It is expensive
Everest is a major source of income for the country of Nepal on the south and Tibet on the north. Anyone can call themselves a guide and charge whatever they can get. Companies can have slick looking websites offering great deals and still be rip offs.
A climbing permit for $10,000 is required just to set foot on the mountain.
Before you even get started there is $7000 for boots, down clothing, layers, equipment, etc. for outfitting.
Other expenses are: park fee, porters, liaison officer, icefall ladders and fixed ropes, insurance, yaks, waste deposit, insurance, tents, bedding, food and fuel.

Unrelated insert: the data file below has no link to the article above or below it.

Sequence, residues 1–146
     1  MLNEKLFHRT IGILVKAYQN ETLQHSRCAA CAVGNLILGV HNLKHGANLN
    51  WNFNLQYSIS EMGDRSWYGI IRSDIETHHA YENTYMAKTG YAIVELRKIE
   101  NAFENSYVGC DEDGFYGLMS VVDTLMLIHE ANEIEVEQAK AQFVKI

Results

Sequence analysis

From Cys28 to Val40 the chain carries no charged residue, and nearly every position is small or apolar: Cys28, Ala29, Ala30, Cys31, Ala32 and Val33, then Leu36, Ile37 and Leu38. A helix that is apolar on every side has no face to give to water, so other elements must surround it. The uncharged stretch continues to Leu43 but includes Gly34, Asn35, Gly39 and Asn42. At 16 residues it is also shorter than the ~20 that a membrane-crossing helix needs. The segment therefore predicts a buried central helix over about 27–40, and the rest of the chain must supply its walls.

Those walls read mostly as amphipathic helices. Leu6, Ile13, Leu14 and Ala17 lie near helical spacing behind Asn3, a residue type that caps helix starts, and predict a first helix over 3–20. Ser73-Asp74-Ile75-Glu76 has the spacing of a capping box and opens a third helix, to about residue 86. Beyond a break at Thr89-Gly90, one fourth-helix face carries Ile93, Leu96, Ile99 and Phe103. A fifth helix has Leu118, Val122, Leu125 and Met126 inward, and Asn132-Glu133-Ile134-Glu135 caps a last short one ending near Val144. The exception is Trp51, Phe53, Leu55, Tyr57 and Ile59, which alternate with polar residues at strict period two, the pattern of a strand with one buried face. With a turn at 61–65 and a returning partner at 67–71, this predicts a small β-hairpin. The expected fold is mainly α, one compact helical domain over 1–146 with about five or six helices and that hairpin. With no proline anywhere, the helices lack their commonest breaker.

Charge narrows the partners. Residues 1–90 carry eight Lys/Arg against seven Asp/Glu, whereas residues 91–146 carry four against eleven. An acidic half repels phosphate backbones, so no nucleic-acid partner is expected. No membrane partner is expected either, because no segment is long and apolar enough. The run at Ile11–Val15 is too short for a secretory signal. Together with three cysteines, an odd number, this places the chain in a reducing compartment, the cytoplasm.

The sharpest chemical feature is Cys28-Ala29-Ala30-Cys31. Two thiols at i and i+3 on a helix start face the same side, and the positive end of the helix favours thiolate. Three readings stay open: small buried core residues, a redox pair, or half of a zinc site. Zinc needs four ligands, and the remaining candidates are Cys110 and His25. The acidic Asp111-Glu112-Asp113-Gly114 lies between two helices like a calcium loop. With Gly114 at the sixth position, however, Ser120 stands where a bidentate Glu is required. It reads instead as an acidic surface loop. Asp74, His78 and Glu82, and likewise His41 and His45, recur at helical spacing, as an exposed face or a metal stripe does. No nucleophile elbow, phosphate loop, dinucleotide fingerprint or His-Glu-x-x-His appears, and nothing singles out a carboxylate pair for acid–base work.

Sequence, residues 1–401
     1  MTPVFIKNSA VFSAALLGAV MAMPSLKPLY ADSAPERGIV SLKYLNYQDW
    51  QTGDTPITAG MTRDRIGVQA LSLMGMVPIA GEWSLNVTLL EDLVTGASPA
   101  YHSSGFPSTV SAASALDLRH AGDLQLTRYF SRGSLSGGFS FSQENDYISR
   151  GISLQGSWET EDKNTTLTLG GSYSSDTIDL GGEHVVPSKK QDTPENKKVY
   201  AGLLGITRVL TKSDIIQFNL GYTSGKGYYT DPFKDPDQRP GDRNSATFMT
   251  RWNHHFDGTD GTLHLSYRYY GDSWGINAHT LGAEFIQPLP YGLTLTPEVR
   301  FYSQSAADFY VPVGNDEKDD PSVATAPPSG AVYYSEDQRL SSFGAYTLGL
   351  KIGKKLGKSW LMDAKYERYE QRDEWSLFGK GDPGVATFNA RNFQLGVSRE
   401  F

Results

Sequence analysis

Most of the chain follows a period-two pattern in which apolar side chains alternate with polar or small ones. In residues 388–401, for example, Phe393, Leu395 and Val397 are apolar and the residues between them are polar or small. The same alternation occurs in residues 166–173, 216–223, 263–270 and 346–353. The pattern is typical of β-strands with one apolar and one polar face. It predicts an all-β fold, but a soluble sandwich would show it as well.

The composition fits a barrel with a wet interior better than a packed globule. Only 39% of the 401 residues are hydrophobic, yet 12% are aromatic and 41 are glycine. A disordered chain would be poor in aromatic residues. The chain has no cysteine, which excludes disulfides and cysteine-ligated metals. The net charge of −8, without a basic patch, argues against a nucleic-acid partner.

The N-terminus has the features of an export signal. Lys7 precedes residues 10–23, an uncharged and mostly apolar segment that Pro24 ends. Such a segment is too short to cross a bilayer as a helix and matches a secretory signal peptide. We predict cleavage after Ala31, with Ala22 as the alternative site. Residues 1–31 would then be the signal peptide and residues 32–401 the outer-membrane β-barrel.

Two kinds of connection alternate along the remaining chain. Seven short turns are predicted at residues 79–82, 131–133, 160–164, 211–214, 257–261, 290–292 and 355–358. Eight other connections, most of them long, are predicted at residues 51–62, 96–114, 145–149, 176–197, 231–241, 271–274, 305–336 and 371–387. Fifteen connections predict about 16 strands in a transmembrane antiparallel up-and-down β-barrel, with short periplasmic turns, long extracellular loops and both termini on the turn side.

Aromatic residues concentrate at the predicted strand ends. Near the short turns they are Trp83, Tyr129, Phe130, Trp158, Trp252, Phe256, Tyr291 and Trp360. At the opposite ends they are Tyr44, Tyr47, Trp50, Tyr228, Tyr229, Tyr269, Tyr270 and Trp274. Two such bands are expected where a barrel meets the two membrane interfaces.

If you want oxygen, base camp support, Sherpa support, or a western guide, add in more thousands. There is even an option for a chef.
Tips alone can cost thousands.
You can try to climb alone for around $25,000, but you could get killed. Or you can write a check for up to $125,000 or more to join an organized expedition.
Decades of climbing has taken a toll on the mountain. Climbers who advance beyond the base camp must make a $4000 deposit to bring down not just their own trash, but 17.6 pounds of accumulated trash or forfeit the deposit and face charges.
Everest is the world’s highest garbage dump
Trash accumulated at the summit includes empty food containers, human waste, liquor bottles, oxygen and cooking gas cylinders, assorted plastic, ropes, tents, beer cans, the remains of a helicopter, and even climbers’ bodies which do not decompose in the extreme cold.